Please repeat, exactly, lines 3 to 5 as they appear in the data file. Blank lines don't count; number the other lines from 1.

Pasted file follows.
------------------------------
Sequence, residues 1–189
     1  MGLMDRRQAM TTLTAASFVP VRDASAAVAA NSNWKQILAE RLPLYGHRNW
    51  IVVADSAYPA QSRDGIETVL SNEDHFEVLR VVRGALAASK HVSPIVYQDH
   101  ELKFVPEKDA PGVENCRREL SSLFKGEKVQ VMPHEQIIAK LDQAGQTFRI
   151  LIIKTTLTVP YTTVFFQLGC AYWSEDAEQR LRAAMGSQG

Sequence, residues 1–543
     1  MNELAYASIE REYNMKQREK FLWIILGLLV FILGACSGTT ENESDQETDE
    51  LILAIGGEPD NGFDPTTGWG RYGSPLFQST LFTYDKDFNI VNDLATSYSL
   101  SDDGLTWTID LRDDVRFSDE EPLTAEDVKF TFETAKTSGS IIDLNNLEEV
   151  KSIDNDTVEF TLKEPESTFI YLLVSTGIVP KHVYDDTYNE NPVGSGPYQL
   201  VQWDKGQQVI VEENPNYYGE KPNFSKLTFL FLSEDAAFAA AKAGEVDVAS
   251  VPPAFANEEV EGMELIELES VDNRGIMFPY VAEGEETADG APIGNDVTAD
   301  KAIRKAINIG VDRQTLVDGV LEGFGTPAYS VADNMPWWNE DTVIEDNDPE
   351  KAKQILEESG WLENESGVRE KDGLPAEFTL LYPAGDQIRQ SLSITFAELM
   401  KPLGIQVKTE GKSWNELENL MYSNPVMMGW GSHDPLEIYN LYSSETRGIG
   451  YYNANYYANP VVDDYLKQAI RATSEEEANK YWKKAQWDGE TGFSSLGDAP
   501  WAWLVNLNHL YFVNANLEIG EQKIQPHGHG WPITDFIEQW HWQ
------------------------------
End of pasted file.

    51  IVVADSAYPA QSRDGIETVL SNEDHFEVLR VVRGALAASK HVSPIVYQDH
   101  ELKFVPEKDA PGVENCRREL SSLFKGEKVQ VMPHEQIIAK LDQAGQTFRI
   151  LIIKTTLTVP YTTVFFQLGC AYWSEDAEQR LRAAMGSQG